Gum Disease

While many people believe periodontal disease (gum disease) is an adult problem, studies indicate that gingivitis (the first stage of periodontal disease) is nearly a universal problem among children and adolescents. Advanced forms of periodontal disease are more rare in children than adults, but can occur.  Periodontal disease not only affects the gums but it also destroy the bone that supports your teeth.  If left unchecked, periodontitis can lead to tooth loss.  If this disease runs in your family, then your child may also be at increased risk for periodontal disease so establishing good oral homecare now is even more critical to ensure a healthy smile in the future.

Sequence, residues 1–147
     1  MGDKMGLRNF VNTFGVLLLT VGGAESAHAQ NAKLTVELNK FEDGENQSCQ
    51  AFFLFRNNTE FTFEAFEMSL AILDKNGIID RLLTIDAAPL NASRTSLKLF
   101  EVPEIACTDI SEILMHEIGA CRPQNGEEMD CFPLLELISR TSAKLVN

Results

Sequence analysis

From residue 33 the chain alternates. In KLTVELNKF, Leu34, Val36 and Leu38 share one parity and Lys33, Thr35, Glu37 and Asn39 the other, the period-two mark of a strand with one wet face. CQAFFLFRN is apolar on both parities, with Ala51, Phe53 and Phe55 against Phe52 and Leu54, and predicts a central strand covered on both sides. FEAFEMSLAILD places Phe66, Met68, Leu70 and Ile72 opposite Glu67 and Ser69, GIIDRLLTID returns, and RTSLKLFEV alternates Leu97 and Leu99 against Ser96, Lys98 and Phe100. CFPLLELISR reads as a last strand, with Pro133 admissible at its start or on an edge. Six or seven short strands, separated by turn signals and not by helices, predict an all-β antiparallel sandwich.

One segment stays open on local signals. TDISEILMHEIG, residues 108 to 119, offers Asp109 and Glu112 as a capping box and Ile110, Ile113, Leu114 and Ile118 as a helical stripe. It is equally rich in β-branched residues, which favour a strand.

Chronic gingivitis is common in children. It can cause gum tissue to swell, turn red, and bleed easily. Gingivitis is preventable and treatable with a regular routine of brushing, flossing, and professional dental care. If left untreated, it can eventually advance to more serious forms of periodontal disease which can then lead to tooth loss.

Localized aggressive periodontitis can affect young healthy children. It is found in teenagers and young adults and mainly affects the first molars and incisors. It is characterized by the severe loss of alveolar bone, and ironically, patients generally form very little dental plaque or calculus.

Generalized aggressive periodontitis may begin around puberty and involve the entire mouth. It is marked by inflammation of the gums and heavy accumulations of plaque and calculus. Eventually it can cause the teeth to become loose.

Conditions that make children more susceptible to periodontal disease include:

  • Type I diabetes
  • Down syndrome
  • Ehlers-Danlos syndrome